Saluting Generous Neighbors

Happy holidays, readers!

In this season of giving, it is not hyperbole to say that we live in one of the most generous regions of the country. If you have any doubts about the character of your neighbors, consider the numerous acts of selfless generosity performed by area residents for others in their communities.

We can’t begin to list all of the toy drives, food distributions and gift presentations made to help families and individuals who are in need. The countless charitable projects offer a glimpse of the kind, loving people who live in this area.

Churches, religious groups, civic clubs and community service organizations orchestrate the majority of these campaigns, but businesses, corporations, schools and other professional entities also provide significant assistance through monetary contributions and donations of clothing, food and toys to various drives.

Many churches provide food baskets and other gifts for those in need. Social service organizations, such as the Soup Kitchen of Greater Wheeling, Youth Services System and the Gabriel Project, make sure that the youngest and most vulnerable members of the community receive toys and clothing for Christmas.

Law enforcement officers throughout the Ohio Valley show their concern by providing toys for children living in poverty or who are hospitalized during the holidays. Many officers also foster a positive image by taking youngsters on seasonal shopping sprees.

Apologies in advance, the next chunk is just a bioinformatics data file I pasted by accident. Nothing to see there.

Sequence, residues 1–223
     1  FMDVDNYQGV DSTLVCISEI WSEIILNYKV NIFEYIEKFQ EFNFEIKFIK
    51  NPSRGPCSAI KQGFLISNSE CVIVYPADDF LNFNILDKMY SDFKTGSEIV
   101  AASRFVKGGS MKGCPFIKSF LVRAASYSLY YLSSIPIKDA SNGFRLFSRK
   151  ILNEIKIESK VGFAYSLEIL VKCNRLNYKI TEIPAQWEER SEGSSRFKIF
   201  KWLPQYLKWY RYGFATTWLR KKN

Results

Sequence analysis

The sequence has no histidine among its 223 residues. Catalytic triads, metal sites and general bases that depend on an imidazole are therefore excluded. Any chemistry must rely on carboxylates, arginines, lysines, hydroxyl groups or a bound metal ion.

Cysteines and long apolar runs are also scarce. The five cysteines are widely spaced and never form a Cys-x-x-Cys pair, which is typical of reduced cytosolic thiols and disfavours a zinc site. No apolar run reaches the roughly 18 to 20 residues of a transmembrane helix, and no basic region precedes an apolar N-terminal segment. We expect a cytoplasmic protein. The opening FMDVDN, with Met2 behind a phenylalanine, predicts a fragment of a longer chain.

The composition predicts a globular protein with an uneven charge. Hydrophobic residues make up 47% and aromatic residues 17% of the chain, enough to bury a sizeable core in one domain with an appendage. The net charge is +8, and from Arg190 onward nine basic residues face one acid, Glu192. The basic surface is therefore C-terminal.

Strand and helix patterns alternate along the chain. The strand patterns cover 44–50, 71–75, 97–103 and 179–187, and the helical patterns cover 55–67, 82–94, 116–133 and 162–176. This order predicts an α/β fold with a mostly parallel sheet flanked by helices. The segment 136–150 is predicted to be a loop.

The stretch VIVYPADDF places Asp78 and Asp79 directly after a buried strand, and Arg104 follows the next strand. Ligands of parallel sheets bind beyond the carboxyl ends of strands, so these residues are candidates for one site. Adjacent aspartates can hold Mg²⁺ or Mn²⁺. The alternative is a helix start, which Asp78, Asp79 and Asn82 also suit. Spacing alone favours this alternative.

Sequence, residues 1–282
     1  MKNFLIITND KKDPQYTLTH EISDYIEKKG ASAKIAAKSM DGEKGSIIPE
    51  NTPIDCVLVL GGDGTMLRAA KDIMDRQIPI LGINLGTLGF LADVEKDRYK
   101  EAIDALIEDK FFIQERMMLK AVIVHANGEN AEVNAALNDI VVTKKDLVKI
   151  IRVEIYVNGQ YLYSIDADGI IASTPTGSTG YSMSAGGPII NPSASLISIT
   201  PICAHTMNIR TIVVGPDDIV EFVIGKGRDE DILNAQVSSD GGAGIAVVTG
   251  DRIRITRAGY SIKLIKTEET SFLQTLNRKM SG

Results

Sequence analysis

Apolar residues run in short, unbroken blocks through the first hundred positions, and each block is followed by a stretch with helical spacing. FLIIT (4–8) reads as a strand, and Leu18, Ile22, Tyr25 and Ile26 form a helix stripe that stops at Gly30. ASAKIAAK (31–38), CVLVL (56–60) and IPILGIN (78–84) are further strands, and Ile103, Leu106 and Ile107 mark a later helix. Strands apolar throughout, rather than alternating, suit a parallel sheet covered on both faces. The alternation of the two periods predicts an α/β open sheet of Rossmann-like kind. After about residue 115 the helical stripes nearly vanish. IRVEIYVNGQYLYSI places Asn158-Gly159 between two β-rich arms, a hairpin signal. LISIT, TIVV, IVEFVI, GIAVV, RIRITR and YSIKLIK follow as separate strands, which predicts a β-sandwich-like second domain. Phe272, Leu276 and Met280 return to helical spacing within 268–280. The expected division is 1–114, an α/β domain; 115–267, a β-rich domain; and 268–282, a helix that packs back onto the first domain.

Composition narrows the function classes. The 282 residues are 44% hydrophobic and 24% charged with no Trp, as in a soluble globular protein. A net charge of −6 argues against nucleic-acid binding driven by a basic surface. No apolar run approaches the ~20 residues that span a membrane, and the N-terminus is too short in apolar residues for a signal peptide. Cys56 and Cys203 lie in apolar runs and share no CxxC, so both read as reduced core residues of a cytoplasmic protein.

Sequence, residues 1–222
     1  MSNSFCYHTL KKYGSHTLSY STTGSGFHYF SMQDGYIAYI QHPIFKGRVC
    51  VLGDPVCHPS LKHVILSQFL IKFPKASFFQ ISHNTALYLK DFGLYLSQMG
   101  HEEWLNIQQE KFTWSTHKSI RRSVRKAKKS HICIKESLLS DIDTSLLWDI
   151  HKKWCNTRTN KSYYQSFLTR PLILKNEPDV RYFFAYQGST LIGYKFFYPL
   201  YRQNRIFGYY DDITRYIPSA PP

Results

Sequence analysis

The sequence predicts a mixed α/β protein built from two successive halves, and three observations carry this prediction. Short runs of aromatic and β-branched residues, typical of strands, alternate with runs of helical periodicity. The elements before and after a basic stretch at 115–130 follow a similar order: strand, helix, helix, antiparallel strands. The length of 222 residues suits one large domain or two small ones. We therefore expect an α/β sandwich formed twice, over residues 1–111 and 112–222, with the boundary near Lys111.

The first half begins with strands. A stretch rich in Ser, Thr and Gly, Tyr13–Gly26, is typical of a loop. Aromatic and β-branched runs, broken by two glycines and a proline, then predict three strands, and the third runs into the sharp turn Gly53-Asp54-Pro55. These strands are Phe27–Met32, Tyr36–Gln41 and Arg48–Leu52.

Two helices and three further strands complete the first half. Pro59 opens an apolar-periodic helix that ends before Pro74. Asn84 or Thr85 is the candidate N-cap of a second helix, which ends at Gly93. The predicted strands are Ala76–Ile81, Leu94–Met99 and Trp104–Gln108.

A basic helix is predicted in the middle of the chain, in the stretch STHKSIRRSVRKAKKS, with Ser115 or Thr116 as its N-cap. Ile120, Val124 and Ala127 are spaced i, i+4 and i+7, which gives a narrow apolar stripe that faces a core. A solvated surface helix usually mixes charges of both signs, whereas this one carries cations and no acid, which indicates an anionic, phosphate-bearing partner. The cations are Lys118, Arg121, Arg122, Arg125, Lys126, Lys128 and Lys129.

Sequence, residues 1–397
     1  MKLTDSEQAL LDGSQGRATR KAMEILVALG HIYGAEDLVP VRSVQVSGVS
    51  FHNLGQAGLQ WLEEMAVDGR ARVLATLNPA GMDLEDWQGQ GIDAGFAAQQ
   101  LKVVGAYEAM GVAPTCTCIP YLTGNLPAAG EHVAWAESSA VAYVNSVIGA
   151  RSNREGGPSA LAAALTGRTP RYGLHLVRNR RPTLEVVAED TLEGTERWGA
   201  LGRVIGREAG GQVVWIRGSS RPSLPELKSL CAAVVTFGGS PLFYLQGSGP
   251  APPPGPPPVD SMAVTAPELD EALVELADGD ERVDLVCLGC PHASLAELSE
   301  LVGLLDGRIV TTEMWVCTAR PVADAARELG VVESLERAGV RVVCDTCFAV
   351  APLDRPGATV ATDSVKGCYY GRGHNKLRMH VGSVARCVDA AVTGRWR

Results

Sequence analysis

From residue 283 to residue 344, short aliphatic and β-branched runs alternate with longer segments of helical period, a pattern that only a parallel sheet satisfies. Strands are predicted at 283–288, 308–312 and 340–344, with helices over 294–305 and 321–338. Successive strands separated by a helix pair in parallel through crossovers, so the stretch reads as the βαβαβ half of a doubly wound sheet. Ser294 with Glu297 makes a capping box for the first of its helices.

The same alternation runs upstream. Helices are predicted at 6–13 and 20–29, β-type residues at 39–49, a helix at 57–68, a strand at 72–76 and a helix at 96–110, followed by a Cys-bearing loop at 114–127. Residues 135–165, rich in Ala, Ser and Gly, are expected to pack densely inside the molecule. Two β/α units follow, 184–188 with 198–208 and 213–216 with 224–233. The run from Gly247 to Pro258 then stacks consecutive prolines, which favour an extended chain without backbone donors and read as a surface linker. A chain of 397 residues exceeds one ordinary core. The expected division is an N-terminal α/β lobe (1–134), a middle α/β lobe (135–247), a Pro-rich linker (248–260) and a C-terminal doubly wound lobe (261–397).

It’s refreshing to see schoolchildren helping their fellow students or children in neighboring counties by conducting food drives for backpack projects and food pantries. Students and administrators at area colleges and universities also step up to aid residents of their home, or adopted, communities.

One’s faith in the innate goodness of humanity can be bolstered by selfless acts performed by people who also are receiving assistance from local organizations.

For instance, when members of the Wheeling Island Lions Club were unloading a carload of household supplies that the group was donating to St. Luke’s Episcopal Church for its Christmas food baskets, a resident of the neighborhood approached them and offered to help carry items into the church. The woman explained that she receives meals from the free Sunday lunch program that local churches coordinate and serve at St Luke’s every week. Quite simply, she wanted to help those who help her.

After St. Matthew’s Episcopal Church paid off Christmas toy layaway accounts for several Ohio County families again this year, at least one of the recipients decided to “pay it forward” by helping another family that was purchasing toys for their children.

This type of generosity is being extended throughout the community. One often hears of people who, in the midst of good times, remember a holiday when they received much-needed assistance from strangers and now they want to repay that kindness by giving to someone else.

Today may be the “eve” of Christmas Eve, but it’s not too late to help our neighbors — there are still stockings to be filled, baskets to be packed and gifts to be wrapped. And, as social service officials are quick to point out, public generosity will continue to be needed in the new year because people require nourishment throughout the year and they need warm clothing and shelter on cold winter nights.

May we all do our part to make the holidays — and the “ordinary” days to follow — brighter for friends and neighbors. May the joy of the holiday season fill your hearts with love; may your faith be renewed and may your hope be restored. Merry Christmas, dear readers.

Linda Comins can be reached via email at:


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